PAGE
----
HR · 15 March 2018

Is it time for UK recruiters to set aside their tattoo bias?

Tattoo bias
Around one in five UK adults are believe to have a tattoo

A tattoo bias continues to limit the career prospects of individuals sporting body ink, research has suggested, but preconceptions around self-expression could see employers miss out on talent.

According to new survey findings, collated by professional network LinkedIn, as many as nine in ten recruitment professionals agreed that visible body art could limit the career progression of an individual, regardless of their skills and suitability for a role.

LinkedIn also found that over four in ten recruiters had rejected a suitable candidate on the basis of having a tattoo. These decision makers cited the key reasons why the jobseekers were overlooked.

Just under half of recruiters believed general industry intolerance forced their hand, while 46 per cent personally believed a tattoo showed a general lack of professionalism. Meanwhile, 41 per cent had rejected a tattooed candidate due to the employer’s own dress code.

Almost one in five UK adults are now believed to have a tattoo, indicating a significantly narrower recruitment pool for employers to search in.

Other signs of self-expression had also deterred recruiters from proceeding with job hunters. Over a quarter said visible piercings had seen a candidate miss out, while a fifth had rejected someone on the basis of brightly dyed hair.

Despite solid evidence pointing towards a tattoo bias, 80 per cent of jobseekers were convinced they’d never missed out on a position because of their tattoo.

“With almost a fifth of UK adults currently estimated as having a tattoo, the current attitude around visible tattoos and physical image means that businesses and recruiters could be missing out on top talent,” said Rebecca Drew, enterprise sales leader at LinkedIn.

“Despite this, it’s encouraging to see that so many talent professionals are taking active steps to help reduce this bias and encourage more self expression in the workplace.”

Signs of change

Almost two-thirds of recruiters believed the tattoo bias had decreased over the past five years, with employers looking towards phone interviews, virtual reality assessments and online screening among the popular methods used to reduce discrimination in the hiring process.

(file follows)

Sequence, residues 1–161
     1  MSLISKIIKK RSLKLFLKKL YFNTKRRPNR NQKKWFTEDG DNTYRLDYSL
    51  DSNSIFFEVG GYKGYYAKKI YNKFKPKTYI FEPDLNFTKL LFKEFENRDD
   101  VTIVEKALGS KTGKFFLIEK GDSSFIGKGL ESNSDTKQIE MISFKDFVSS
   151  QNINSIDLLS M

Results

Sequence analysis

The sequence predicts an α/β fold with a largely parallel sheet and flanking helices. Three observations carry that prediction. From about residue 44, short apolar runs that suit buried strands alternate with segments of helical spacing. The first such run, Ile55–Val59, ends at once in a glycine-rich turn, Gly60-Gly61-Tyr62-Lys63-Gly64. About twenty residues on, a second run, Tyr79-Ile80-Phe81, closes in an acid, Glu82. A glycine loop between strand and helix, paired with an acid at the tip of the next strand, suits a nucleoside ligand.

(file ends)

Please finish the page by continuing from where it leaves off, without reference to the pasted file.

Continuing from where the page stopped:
Drew added: “As we continue to see AI tools incorporated into hiring processes, we hope this will help recruiters remove some of the human bias from the process, and focus on judging candidate potential against the most important things.”

Further research previously revealed which UK sectors contained the most tattooed workers, as well as industries the general public were most uncomfortable encountering tattoos.

Percentage of tattooed workers by profession

  • Agricultre: 22 per cent
  • Hospitality, tourism: 20 per cent
  • Arts and culture: 16 per cent
  • Retail: 14 per cent
  • Finance and banking 13 per cent
  • Healthcare and medical technology 13 per cent
  • Professional Services: 13 per cent
  • Education and family services: 12 per cent
  • Manufacturing: 9 per cent
  • Energy, design and construction: 9 per cent
  • Information technology: 9 per cent
  • Government: 8 per cent

Profession

Percentage comfortable

Percentage uncomfortable

Athlete 88 per cent 12 per cent
Chef 81 per cent 19 per cent
Police officer 73 per cent 27 per cent
IT technician 72 per cent 28 per cent
Estate agent 69 per cent 31 per cent
Banker 63 per cent 37 per cent
Doctor 59 per cent 41 per cent
Judge 59 per cent 41 per cent
Nurse 57 per cent 43 per cent
Lawyer 57 per cent 43 per cent
Primary school teacher 49 per cent 51 per cent
Political figure 44 per cent 56 per cent
Air hostess 42 per cent 58 per cent

 

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ABOUT THE EXPERT

Simon Caldwell is deputy editor at Business Advice. He has a BA in politics and communications from the University of Liverpool, and has previously worked as a content editor in local government and the ecommerce industry.

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